For twenty years, I hosted a radio show where we played records by Les Paul and Mary Ford almost every day, big hits like The World Is Waiting for the Sunrise. Then one day I found an LP in the station library called Chester and Lester, which paired Les Paul with Chet Atkins on a session from 1976. Funny, impromptu, two seasoned pros kidding each other on open mics while they talked about what they were going to play next, great stuff. It sold well to country fans but was mostly old standards.

To my regret, I didn't save a copy from my radio days. Then last summer Marie and I made a pilgrimage to the Rock and Roll Hall of Fame in Cleveland, where Les Paul is among the honorees right along with Jimi Hendrix and Eric Clapton. It turns out they sell CDs by hall of fame artists and I was able to get Chester and Lester. All right!

One day in 1986, an album came to the station from Atlantic Records called Play It Again, Joe, with Joe Bushkin. Always a sucker for liner notes, I checked this one to discover that the producer was none other than Les Paul.

Now, if you think Les Paul's name is less well-known than he deserved, try dropping Joe Bushkin's name and see how far you get. Loved by musicians, invisible to the public, no hits. But this album had a great sound, and the liner notes by Les Paul helped to explain why. Going the opposite route from the innovative multi-tracking and overdubbing that made him famous, for this project he recorded everything all at once, without any dubbing except the strings (added in a second session), even the piano and vocal. What an eye-opener, and an ear-opener.

His enthusiastic essay from the line notes was a breadcrumb to be treasured, a generous genius revealing his techniques to anyone who happened along. I read those few paragraphs over and over, every time I played the record. Cuts like Gershwin's Love Is Here to Stay and One For My Baby (And One More for the Road), sounding as realistic as anything you could imagine. Later I put those techniques into effect the best I could when I produced my own demos.

The record has been out of print for years, but today I found 15 used copies for sale at Amazon. The CD version apparently combines Play It Again, Joe with another album called The Road to Oslo.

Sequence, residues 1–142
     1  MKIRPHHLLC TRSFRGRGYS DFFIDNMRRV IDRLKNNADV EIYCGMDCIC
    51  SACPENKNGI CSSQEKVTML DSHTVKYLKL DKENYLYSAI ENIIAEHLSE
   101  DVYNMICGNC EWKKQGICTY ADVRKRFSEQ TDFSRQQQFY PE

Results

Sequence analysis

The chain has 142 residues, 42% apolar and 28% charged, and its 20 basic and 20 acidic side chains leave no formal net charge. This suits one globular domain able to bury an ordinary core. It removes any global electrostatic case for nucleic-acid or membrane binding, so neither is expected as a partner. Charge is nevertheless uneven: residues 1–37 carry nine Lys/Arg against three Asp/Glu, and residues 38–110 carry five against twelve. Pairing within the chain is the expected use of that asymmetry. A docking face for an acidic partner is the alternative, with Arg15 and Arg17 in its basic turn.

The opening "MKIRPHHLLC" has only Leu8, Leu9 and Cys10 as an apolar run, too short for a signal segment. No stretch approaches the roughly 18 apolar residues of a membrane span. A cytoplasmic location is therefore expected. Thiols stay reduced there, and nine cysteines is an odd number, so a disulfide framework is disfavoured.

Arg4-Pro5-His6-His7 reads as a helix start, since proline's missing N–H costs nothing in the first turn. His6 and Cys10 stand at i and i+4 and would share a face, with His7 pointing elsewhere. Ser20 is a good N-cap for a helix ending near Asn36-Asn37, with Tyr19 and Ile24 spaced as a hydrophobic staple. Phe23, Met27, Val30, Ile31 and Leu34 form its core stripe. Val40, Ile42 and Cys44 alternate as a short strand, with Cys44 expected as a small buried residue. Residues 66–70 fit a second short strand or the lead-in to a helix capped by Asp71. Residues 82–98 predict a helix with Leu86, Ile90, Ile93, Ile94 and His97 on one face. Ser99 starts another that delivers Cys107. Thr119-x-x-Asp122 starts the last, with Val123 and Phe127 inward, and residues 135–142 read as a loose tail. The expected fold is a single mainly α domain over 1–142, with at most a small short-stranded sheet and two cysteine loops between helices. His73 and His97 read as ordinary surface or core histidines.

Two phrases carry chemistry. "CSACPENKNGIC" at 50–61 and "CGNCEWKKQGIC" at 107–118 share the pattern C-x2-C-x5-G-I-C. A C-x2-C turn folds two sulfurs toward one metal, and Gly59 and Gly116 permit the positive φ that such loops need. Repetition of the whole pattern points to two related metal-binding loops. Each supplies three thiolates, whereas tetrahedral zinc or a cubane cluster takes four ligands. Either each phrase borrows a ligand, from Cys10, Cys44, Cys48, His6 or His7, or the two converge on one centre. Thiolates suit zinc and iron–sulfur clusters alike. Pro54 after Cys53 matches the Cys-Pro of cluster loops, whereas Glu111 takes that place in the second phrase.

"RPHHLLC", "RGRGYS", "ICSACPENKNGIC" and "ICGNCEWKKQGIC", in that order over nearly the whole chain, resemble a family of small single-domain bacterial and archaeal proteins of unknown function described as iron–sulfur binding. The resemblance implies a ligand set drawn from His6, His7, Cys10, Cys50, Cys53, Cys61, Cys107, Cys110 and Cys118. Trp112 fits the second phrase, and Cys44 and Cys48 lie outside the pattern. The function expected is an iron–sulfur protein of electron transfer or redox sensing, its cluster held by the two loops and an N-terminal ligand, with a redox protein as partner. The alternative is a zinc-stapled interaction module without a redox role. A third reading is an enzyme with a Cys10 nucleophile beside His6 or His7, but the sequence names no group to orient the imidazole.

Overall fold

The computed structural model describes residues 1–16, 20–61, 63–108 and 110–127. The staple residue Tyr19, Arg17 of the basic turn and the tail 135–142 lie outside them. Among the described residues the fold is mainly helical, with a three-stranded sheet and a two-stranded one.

Bob Edwards' radio show on XMPR is partly to blame for inspiring this blog to begin with. This morning on the way to work I heard him re-airing his April 2008 interview with Les Paul. I happened to hear it on its first airing and was delighted to hear it again. What a wonderful human being, all his humanity and humor coming through despite the crackle in his voice at the age of 93. Thanks, Bob, and by the way, how do you pick so many topics that I really, really enjoy?

Aug 12, 2009

Selling less of more

The thing about breadcrumbs...sometimes the birds eat 'em, or sometimes a well-meaning soul brooms them away. I can't remember now what led me to The Long Tail but it was probably a capsule review, either in print or online.

BTW that link goes to a YouTube promotional video for the book from the UK. Really tells the story in less than two minutes. I went looking for an image of the powerlaw curve that appears endlessly in the book and thought the video was even better.

The idea of the book is in the subtitle - Why the Future of Business Is Selling Less of More. Author Chris Anderson says traditional retail focuses on hits, selling the most units possible of the best-selling items. Amazon, Netflix, and iTunes are examples of businesses getting a surprising portion of their revenues, like a third or half, from non-hits.

Huge inventories that peek in every niche and cranny can be offered as easily as the shelf-space-limited greatest hits selections of bricks-and-mortar stores. Purely digital merchandisers like iTunes have it easiest, but online purveyors of hard goods can stock enormous centralized warehouses, print/create on demand, or simply broker a connection between widely scattered owners or manufacturers and would-be customers.